There is a second way to view this threat landscape, and that is to ask what vulnerabilities attackers are commonly exploiting, and preferentially defend against them. There is always the chance that a targeted attack will use an unknown, zero-day vulnerability to still penetrate the system undetected, but that is a different class of attacker. There is a set of common, lucrative criminal malicious software that exploits a small set of known vulnerabilities, and these are the attacks that are all but guaranteed to hit an unprepared network. There are only about 10 vulnerabilities of this mass-exploit quality per year, against only a handful of applications . The best way to defend against such common exploits may not be an IDPS, however, an IDPS should be a device that helps the defenders decide what exploits are most common on their network, and thus which exploits deserve the special attention to prevention, such as the steps described in Guido .
Network Intrusion Detection: Anomaly Based
Anomaly-based detection generally needs to work on a statistically significant number of packets, because any packet is only an anomaly compared to some baseline. This need for a baseline presents several difficulties. For one, anomaly-based detection will not be able to detect attacks that can be executed with a few or even a single packet. These attacks, such as the ping of death, do still exist , and are much better suited for signature-based detection. Further difficulties arise because the network traffic ultimately depends on human behavior. While somewhat predictable, human behavior tends to be changeable enough to cause NIDPS anomaly detection trouble .
While signature-based detection compares behavior to rules, anomaly-based detection compares behavior to profiles . These profiles still need to define what is normal, like rules need to be defined. However, anomaly-based profiles are more like white lists, because the profile detects when behavior goes outside an acceptable range. Unfortunately, on most networks the expected set of activity is quite broad. Successful anomaly detection tends to be profiles such as "detect if ICMP (Internet Control Message Protocol) traffic becomes greater than 3% of network traffic" when it is usually only 1%. Application-specific data is less commonly used. This approach can detect previously unknown threats, however, it can also be defeated by a conscientious attacker who attempts to blend in. Attackers may not be careful enough to blend in, but the particularly careful adversaries are all the more important to catch. In general, adversaries with sufficient patience can always blend in to the network's behavior. Therefore, anomaly detection serves an important purpose, but it is not a panacea, especially not for detecting advanced attackers.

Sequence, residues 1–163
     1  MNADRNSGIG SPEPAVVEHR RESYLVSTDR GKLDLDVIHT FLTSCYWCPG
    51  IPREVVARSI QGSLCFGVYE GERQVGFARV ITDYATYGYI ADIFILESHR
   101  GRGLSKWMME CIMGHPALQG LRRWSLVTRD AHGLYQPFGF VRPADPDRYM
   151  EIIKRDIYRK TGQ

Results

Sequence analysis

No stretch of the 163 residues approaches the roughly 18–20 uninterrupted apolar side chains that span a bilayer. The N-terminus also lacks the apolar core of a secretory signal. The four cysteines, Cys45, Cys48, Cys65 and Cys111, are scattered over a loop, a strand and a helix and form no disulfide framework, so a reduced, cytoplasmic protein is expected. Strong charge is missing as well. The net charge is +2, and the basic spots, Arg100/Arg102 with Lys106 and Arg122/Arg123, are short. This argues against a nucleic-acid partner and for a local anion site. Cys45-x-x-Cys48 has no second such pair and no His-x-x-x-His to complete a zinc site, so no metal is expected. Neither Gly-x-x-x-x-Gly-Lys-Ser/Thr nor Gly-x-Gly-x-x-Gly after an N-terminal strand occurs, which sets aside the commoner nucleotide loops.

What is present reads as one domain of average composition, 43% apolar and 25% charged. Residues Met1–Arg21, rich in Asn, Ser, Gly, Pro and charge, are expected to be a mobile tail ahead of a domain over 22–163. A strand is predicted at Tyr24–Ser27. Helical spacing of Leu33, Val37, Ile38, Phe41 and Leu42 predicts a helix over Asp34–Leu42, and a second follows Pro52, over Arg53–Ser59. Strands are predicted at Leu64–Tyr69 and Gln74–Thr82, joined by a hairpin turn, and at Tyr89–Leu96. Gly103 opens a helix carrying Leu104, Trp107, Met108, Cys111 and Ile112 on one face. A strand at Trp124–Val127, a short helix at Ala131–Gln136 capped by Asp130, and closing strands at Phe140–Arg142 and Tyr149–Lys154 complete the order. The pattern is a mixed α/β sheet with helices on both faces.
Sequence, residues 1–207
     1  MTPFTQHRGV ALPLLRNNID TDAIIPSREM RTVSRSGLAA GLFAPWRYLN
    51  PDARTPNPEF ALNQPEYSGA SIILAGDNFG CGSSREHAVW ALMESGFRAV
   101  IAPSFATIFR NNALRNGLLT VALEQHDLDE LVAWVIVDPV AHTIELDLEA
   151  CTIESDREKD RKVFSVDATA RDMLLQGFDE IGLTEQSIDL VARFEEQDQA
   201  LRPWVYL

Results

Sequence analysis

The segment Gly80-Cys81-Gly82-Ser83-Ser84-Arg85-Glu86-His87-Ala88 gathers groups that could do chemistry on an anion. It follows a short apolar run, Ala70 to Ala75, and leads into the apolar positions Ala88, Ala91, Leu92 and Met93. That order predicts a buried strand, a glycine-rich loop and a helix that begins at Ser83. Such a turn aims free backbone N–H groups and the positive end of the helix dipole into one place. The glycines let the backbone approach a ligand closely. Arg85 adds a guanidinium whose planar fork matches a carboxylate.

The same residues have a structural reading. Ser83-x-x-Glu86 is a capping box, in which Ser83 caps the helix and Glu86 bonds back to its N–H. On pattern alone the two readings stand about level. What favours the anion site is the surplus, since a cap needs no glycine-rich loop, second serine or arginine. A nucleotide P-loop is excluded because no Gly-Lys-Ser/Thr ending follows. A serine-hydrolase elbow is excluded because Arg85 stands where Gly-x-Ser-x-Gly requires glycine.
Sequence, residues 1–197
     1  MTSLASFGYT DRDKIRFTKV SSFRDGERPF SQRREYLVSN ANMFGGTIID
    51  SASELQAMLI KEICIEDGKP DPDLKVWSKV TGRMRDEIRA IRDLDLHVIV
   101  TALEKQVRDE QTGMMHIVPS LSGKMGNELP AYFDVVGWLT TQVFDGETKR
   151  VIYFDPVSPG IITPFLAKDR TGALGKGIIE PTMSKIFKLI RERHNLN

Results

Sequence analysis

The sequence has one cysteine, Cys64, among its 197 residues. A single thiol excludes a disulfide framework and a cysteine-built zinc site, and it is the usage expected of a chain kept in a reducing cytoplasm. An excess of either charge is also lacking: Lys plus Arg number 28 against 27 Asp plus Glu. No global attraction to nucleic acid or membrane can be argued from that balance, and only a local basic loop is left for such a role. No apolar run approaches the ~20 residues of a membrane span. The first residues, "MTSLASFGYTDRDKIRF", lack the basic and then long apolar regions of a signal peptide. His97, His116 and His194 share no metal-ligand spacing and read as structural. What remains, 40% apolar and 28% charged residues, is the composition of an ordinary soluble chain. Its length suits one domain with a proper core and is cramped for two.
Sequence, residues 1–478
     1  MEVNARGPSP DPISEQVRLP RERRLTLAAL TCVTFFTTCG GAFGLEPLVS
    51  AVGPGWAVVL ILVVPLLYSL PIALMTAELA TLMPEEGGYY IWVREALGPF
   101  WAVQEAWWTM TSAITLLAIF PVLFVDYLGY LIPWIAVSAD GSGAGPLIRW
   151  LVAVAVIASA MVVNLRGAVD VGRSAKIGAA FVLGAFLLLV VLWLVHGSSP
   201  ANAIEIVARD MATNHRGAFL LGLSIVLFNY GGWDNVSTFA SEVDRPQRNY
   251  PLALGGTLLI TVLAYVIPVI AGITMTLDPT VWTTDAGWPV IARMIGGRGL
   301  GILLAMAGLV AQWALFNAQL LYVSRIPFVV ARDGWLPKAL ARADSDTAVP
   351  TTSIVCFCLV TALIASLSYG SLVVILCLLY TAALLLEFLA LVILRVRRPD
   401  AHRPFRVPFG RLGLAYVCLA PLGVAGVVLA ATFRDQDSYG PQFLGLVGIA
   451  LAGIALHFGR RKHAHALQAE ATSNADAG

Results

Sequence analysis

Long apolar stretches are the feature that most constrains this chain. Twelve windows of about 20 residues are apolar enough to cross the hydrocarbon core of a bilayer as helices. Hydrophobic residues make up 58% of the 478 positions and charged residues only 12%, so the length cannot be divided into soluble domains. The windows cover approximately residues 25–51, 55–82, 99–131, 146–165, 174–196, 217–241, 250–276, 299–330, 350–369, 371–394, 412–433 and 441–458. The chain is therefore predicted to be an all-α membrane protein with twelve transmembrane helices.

About the author:
Dr. Timothy Shimeall is an Adjunct Professor of the Heinz College of Carnegie Mellon University, with teaching and research interests focused in the area of information survivability. He is an active instructor in information security management and information warfare, and has led a variety of survivability-related independent studies. Tim is also a senior member of the technical staff with the CERT Network Situational Awareness Group of Carnegie Mellon's Software Engineering Institute, where he is responsible for overseeing and participating in the development of analysis methods in the area of network systems security and survivability. This work includes development of methods to identify trends in security incidents and in the development of software used by computer and network intruders. Of particular interest are incidents affecting defended systems and malicious software that are effective despite common defenses. Prior to his time at Carnegie Mellon, Tim was an Associate Professor at the Naval Postgraduate School in Monterey, CA.
Jonathan Spring is a member of the technical staff with the CERT Network Situational Awareness Group of the Software Engineering Institute, Carnegie Mellon University. He began working at CERT in 2009. He also serves as an adjunct professor at the University of Pittsburgh's School of Information Sciences. His current research topics include monitoring cloud computing and DNS traffic analysis. He holds a Master's degree in information security and a Bachelor's degree in philosophy from the University of Pittsburgh.